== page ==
A poetic, often contrarian meditation on race in modern America.
Borrowing from writer/philosopher William Gass, who deconstructed the meanings of a less socially charged color in On Being Blue, PBS commentator and essayist Rodriguez (Days of Obligation, 1992, etc.) ponders the meaning of Mexicanness, Hispanitude, mestizaje, and all the other forms of being brown in the US. “I write about race in America,” he begins, “in hopes of undermining the notion of race in America.” With many asides on the origins of the notion that Hispanics are an ethnic minority—a recent idea, he suggests, adopted from the African-American struggle for civil rights—Rodriguez offers a few balloon-bursting observations on the tensions that have marked recent politics; the black-white argument, he writes, “is like listening to a bad marriage through a thin partition, a civil war replete with violence, recrimination, mimicry, slamming doors.” That’s not to say that those tensions are not real, and Rodriguez allows that plenty of doors have been slammed in his face as a brown, gay person. Plenty of others have been thrown open, though, affording him a privileged (and deserved) position as cultural commentator that he gratefully acknowledges. Without descending into sloganeering or us-versus-them rhetoric, Rodriguez argues for an inclusive “white freedom” accorded to all citizens; his democratic spirit and the absence of special pleading are both refreshing. In their erudition and irony, these writings recall the essays of the late Mexican poet Octavio Paz, who could easily have written the closing lines: “Truly, one way to appreciate the beauty of the world is to choose one color and to notice its recurrence in rooms, within landscapes. And upon bookshelves.”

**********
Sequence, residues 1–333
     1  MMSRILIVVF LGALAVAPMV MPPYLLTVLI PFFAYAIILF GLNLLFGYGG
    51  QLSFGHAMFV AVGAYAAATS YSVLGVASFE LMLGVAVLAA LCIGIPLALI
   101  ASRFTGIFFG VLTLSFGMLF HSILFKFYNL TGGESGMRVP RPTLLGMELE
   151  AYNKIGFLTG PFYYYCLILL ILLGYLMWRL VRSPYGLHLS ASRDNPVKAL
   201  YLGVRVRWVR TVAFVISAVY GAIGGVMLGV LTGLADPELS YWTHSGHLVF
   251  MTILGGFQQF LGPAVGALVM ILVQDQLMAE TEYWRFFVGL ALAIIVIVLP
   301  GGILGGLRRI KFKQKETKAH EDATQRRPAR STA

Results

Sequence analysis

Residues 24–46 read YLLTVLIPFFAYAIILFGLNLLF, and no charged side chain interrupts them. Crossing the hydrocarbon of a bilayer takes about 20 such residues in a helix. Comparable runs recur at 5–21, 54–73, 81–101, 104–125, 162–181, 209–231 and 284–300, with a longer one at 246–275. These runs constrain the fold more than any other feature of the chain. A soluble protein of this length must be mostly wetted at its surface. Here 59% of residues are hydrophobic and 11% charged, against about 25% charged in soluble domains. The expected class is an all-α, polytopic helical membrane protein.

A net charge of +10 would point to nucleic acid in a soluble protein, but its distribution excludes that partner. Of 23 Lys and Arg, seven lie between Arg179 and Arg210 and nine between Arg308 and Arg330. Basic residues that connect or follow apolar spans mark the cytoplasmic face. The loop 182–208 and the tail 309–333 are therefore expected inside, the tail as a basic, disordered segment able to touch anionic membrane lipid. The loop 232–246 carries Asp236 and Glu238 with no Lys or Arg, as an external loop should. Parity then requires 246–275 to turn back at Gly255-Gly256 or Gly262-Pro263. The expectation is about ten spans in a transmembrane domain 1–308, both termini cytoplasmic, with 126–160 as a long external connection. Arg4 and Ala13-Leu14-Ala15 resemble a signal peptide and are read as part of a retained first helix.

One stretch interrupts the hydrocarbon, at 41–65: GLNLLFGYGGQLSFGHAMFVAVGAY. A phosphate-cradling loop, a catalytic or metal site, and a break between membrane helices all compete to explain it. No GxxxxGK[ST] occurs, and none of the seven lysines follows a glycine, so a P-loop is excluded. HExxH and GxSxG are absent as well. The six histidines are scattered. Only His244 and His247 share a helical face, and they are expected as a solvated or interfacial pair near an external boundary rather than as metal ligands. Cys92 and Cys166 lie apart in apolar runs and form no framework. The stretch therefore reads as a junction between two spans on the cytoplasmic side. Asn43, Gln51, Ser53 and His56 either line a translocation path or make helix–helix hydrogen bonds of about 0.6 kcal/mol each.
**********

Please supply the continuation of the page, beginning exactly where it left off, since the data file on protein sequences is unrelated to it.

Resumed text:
Elegant, controversial, and altogether memorable.